So, this all started when my boyfriend mentioned to me that our roommate and the girl he’s seeing gossip about him.He says that the girl asks our roommate all sorts of questions regarding him the entire night and have been doing so for over a week, therefore making it impossible for him to sleep. I was never able to hear anything at night even when he says they’re talking at that very moment and he was even 100% sure the neighbors heard it too, saying the neighbors would also talk about the girl gossiping so late at night. A few days ago, he had enough and confronted our roommate, telling him she needs to leave and not to bring her anymore. Our roommate completely denies it and even the neighbors told us, they never hear anything through the walls. Ever since then, my boyfriend has gotten worse saying that he feels like he can read the neighbors thoughts and will be so focused on the voices that only he hears, that he’ll completely ignore any conversation I’m having with him. He smoked pot every day for almost the last 10 years but since his paranoia and behavior, I’ve asked him to stop. It’s only been 2 days since he’s stopped completely and still hears these voices constantly. He’s planned to stop for a month minimum but I don’t know what else I should do. He refused to see a therapist and only confides in me about these things he hears so I don’t want to break his trust. Could it be the pot or something else entirely? Was telling him to stop smoking the right thing to do and what can we do in the meantime to help him make the voices go away…
A. It’s difficult to know what is causing the voices. Marijuana use has been linked to psychosis. Research has indicated that our brains are not fully developed until around the age of 25. Drug use before the age of 25 could significantly alter the brain chemistry and potentially lead to mental health problems.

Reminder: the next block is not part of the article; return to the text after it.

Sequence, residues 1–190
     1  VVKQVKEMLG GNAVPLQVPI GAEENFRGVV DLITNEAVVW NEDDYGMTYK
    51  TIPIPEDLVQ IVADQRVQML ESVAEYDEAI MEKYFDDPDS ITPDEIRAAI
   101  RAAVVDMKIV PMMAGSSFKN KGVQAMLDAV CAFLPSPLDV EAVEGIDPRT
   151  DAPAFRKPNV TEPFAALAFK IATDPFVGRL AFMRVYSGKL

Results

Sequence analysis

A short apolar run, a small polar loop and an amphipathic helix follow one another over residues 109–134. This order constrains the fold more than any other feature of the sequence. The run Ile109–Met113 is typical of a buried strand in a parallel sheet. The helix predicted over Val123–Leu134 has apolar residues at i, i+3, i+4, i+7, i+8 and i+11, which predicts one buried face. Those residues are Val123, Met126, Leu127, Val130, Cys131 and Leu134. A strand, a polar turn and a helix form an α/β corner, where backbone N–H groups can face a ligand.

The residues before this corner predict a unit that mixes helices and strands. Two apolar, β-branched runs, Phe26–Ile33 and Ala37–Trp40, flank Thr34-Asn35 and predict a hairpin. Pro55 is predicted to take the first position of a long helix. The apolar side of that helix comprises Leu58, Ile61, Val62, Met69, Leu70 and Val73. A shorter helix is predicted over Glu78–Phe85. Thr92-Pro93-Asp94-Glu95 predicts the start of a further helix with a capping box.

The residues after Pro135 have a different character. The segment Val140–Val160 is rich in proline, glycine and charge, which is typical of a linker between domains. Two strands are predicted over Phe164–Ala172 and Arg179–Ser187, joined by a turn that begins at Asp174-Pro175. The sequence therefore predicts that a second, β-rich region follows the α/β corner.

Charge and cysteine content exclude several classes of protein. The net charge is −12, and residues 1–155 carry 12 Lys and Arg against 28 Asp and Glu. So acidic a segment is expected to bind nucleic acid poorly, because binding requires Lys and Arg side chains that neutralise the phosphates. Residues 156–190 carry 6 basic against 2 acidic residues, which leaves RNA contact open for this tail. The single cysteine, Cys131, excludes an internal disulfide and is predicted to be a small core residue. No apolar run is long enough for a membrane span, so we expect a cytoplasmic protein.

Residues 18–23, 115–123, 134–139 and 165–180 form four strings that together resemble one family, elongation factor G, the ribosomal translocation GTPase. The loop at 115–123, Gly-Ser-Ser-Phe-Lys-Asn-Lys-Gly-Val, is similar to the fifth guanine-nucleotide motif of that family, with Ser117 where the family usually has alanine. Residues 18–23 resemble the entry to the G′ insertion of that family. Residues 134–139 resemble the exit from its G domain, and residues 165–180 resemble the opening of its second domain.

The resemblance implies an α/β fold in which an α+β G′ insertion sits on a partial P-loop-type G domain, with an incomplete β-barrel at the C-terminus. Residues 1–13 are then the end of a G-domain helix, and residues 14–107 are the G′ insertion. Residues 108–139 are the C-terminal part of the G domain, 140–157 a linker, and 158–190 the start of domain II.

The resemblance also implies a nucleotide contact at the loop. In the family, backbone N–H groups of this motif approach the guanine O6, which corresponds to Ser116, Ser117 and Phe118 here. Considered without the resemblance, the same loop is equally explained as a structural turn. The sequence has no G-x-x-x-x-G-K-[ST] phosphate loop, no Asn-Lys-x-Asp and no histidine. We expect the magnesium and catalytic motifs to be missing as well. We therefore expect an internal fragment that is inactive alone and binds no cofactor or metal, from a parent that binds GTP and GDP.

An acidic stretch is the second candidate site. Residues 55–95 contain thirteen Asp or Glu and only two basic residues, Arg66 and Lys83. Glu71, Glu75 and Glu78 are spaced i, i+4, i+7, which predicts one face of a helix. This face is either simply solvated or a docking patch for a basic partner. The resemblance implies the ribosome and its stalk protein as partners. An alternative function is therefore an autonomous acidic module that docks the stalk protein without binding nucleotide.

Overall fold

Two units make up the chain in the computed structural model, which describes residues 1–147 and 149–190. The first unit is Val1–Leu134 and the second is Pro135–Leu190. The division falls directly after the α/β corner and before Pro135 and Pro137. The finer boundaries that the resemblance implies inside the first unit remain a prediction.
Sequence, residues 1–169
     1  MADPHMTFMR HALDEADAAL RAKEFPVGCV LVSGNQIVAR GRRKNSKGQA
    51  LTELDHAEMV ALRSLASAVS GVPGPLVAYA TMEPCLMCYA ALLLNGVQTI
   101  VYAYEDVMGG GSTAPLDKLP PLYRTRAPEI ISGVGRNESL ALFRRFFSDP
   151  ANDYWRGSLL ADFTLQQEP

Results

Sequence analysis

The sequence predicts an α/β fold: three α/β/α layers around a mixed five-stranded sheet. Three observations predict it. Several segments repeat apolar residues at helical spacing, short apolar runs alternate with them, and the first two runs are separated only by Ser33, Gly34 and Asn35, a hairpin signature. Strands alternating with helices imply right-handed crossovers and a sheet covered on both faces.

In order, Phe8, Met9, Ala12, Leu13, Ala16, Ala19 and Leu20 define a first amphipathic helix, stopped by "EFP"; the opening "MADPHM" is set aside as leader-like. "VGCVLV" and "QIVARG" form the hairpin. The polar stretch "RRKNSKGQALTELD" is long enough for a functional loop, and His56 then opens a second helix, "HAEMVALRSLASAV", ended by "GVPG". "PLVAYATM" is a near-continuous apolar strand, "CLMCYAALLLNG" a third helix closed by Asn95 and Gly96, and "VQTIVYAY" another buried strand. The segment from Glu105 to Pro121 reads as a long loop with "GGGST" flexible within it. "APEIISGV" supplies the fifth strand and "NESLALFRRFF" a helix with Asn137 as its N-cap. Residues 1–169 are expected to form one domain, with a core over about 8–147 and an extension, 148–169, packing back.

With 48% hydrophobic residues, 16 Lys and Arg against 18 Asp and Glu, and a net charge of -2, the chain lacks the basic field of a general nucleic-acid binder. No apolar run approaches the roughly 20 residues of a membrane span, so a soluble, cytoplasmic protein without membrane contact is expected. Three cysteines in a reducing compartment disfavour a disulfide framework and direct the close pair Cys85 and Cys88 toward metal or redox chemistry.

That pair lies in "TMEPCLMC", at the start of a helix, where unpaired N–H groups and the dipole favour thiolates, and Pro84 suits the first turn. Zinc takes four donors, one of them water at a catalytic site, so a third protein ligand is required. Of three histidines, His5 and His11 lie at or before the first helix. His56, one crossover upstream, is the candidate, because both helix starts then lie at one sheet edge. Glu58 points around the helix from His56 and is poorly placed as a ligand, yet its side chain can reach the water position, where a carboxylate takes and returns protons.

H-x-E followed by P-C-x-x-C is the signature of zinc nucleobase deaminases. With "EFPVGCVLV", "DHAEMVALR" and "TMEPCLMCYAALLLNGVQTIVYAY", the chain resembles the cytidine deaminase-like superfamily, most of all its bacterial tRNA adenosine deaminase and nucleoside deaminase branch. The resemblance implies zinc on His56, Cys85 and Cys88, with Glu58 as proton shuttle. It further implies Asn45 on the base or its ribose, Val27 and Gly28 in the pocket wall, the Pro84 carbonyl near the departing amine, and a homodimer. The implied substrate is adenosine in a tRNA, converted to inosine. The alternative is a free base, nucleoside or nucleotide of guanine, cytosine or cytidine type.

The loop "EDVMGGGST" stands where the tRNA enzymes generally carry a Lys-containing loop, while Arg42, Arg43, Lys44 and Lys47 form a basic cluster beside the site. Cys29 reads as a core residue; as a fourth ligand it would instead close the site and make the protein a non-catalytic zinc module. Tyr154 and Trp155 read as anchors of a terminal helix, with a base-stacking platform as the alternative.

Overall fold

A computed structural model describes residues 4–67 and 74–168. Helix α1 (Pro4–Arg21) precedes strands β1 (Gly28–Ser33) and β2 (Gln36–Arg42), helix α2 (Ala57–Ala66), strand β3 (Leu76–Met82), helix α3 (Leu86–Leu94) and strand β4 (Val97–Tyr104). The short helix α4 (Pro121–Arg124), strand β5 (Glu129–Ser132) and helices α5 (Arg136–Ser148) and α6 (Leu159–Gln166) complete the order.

The decision to stop using marijuana seems appropriate. The longer that he can abstain from using drugs, the more likely it is that the voices will decrease. However, the damage might have already been done. Only time will tell.
He has refused professional help but that is what he needs the most. The voices might be indicative of the beginning stages of a psychotic episode. If so, then therapeutic intervention could prevent the development of a full-scale psychotic episode.
The best way you can help him is to continue to encourage him to seek professional assistance. He is unwilling to see a therapist but perhaps he would be willing to see a primary care physician. Offer to attend the appointment with him. He might change his mind.
You stated that you do not want to break his trust but it might be necessary. If revealing his symptoms would convince him to seek treatment, then do it. Prompt treatment is imminently important. It could prevent the development of a lifelong, severe mental illness.
You can’t force him to seek treatment but you should do everything within your power to convince him to seek professional help, even if it means breaking his trust. Please take care.
Dr. Kristina Randle
Mental Health & Criminal Justice Blog
Last reviewed: By John M. Grohol, Psy.D. on 25 Aug 2013
Randle, K. (2013). Boyfriend Hearing Voices. Psych Central. Retrieved on April 20, 2014, from http://psychcentral.com/ask-the-therapist/2013/08/25/boyfriend-hearing-voices/